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This post by Peter Morden was originally published at Seventy Two
For this post you really need Isaiah 6 in front of you. In fact, if you’re short on time skip this blog and just read the chapter. All of it. Not just the encouraging bits but the verses that don’t seem to make any sense. Isaiah 6 is God’s word to us in these difficult, disorientating times.
The chapter is rich and there are so many themes that could be followed up. The opening vision is breathtaking. Verses 1-8 speak of the majesty and holiness of God and how we’re saved through sacrifice. We marvel at God’s awesome nature and superabundant grace. We’re dazzled by what we see here.
All of this is perfectly fulfilled for us in Jesus. He dies in our place to make an intimate relationship with a holy God gloriously possible. Our sin and our guilt are dealt with. This is a message for our times – and for any time. Believe and receive.
What’s more we see he commissions us. It’s extraordinary really. We know ourselves only too well. We’re aware we let God down and of course he knows this far better than we do. But still he calls, still he commissions, still he sends. If we’ve really grasped this, we will want to say with the prophet: ‘Here am I, send me.’ This too is a message for our times. If you read this and sense God calling you to renew your commitment to him and his work then pause and do just that. If it’s only one person who responds in this way, writing this blog will have been more than worthwhile.
Yet it’s not the first eight verses that especially draw me at the moment. It’s the last four. Those difficult verses which appear so perplexing and which seem to strike such jarring, discordant notes. Because Isaiah’s ministry isn’t quite what we would have expected. After such a vision and such a call surely revival is about to break out in the land? We think the prophet will speak and people will hang on to every word. Personal transformation, community transformation – you name it, it will happen. But that’s not what we see. Rather it’s a long, tough struggle. Isaiah understandably cries out, ‘how long O Lord?’ Surely things will change now. But no, when God speaks it’s more of the same. Things are simply not working out the way anyone had hoped. These are troubled times, and there’s lots of confusion.
But here’s the thing. Isn’t this how many of us feel today? Personally, I’m frustrated and sad. Our church life was going really well. Conversions, baptisms and growth. A café had started and was helping us connect with more and more people. A new member of staff was encouraging a greater depth of missional discipleship. What’s more – I believed – this was only the beginning. And then Covid 19. The café is closed and the new group who are ready to be baptised have to wait. We can’t meet at all physically. Our online services are going well but, to be honest, it seems so much like second best. And now we’ve taken the difficult decision to furlough some of our wonderful staff. It’s frustrating, unexpected, confusing.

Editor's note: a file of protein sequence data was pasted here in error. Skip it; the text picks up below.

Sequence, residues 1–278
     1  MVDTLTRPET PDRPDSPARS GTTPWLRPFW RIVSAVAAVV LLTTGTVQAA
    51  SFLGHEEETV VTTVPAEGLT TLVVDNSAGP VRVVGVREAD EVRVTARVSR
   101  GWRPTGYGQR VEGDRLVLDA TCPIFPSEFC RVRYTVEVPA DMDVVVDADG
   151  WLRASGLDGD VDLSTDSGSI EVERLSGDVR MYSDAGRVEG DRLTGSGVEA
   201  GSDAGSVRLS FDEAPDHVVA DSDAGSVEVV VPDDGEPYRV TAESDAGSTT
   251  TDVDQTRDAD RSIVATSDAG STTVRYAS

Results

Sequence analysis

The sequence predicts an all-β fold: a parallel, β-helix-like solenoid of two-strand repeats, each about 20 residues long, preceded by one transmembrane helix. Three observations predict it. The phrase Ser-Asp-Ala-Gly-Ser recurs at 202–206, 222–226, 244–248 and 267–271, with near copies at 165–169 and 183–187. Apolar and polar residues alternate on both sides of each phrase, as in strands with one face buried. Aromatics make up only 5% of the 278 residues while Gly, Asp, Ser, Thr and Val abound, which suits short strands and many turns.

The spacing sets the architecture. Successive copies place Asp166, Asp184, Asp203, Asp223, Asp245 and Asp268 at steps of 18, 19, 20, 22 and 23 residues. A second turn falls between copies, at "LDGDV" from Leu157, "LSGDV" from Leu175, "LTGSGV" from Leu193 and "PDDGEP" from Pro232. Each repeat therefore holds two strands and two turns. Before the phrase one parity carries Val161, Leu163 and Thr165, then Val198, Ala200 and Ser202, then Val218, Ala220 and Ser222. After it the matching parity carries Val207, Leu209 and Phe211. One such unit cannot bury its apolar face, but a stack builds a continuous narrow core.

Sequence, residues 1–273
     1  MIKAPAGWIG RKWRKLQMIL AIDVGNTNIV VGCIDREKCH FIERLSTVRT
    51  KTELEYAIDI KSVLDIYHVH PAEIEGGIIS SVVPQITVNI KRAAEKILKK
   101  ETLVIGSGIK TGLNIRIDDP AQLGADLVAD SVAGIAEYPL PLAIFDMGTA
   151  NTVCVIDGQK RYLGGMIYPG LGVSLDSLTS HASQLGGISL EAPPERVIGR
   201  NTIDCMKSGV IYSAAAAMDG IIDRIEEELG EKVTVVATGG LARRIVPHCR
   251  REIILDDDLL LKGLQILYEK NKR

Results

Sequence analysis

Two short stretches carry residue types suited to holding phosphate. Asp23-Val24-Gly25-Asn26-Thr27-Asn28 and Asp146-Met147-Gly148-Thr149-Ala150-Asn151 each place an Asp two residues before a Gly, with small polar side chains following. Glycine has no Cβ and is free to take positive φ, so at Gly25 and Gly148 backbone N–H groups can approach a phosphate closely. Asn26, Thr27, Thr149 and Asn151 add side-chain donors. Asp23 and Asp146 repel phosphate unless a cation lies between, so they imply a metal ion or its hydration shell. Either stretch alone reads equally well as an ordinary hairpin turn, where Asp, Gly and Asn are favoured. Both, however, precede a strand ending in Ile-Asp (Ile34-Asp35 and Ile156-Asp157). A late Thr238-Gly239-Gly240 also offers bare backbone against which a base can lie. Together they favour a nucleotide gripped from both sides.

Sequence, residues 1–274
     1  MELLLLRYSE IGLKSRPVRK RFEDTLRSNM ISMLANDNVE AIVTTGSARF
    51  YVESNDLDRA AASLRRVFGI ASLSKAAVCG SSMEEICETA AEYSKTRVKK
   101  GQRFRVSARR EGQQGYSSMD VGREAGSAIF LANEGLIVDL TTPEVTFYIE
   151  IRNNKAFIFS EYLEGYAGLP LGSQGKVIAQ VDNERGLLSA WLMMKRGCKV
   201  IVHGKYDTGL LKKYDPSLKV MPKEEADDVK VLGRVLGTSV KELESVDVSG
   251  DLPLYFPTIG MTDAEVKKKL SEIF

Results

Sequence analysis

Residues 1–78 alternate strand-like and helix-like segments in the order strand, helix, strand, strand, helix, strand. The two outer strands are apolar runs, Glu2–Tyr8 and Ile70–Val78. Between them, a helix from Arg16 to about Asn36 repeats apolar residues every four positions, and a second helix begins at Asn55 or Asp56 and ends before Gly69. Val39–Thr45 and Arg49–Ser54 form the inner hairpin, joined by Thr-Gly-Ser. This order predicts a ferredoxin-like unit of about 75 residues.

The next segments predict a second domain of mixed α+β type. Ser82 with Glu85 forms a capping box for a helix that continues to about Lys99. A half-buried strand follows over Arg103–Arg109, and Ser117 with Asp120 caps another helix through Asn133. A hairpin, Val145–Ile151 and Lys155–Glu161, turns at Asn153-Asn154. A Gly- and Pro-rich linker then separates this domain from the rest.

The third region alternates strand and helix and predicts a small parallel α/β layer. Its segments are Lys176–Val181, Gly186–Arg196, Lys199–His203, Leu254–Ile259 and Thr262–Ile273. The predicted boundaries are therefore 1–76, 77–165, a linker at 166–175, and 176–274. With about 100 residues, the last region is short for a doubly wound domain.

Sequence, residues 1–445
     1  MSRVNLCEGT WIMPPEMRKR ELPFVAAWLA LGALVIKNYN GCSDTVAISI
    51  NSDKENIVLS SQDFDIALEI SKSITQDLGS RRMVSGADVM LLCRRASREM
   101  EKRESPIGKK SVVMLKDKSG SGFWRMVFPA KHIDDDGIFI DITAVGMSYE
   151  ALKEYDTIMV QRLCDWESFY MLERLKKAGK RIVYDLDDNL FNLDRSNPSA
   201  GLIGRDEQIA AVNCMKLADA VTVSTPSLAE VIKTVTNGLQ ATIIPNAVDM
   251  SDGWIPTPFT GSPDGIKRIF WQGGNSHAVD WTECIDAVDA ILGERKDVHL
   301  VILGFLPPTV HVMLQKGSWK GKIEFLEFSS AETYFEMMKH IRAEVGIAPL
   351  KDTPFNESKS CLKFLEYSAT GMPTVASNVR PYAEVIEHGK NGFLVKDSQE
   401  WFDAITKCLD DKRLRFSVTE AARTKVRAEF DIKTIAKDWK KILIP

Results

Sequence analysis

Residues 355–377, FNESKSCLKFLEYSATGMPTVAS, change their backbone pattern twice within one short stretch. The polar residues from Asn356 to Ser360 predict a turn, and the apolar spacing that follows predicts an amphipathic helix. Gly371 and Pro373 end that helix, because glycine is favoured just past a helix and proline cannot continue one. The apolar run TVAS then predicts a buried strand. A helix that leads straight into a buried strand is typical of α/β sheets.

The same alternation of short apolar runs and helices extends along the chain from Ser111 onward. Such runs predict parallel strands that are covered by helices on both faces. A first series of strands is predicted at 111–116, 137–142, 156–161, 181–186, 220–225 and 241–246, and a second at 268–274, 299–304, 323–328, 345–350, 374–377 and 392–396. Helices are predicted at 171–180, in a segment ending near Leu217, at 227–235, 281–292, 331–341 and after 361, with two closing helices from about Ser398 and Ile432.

You may be a church leader and feeling something similar. But I suspect there are many others who could insert their own experiences here. You had great plans for mission and ministry, but they just need to be shelved for the moment. Maybe you were growing a business in a way which honoured God and contributed to the work of his Kingdom, now you’re having to tell staff they’re furloughed and that you don’t know whether the business will survive. Perhaps you’re self-isolating. Perhaps you’re grieving. Insert your own circumstances here. You don’t know what to cry to God. Except perhaps, ‘How long O Lord?’
Yet there is hope – and what hope it is. The final verse – the holy seed – speaks of the coming of Jesus. Covid 19 doesn’t have the last word. Jesus does. And that word is hope. Hope that can’t be kept down, which pushes through the devastation and blossoms into life.
What’s the practical takeaway here? It’s really to be faithful in the here and now, a faithfulness which is fired and sustained by our Christian hope. God called Isaiah to press forward in his difficult calling. And God – this extraordinary, holy, gracious, mysterious God – did his work through his prophet. He is trustworthy. Be faithful to him in what you have to do now, however unexpected and unwelcome. If you’re furloughing staff, do it well, bringing God’s wisdom and grace to bear. If you’re being furloughed, react in a way that’s different because you have Jesus. If you had big, expansive plans and find yourself stuck behind your four walls, try and be faithful there.
These are big challenges. Yet as this chapter shows us, we live for a God who is mighty and gracious. A God who always has the last word. And for today, that word is irrepressible Jesus-shaped hope.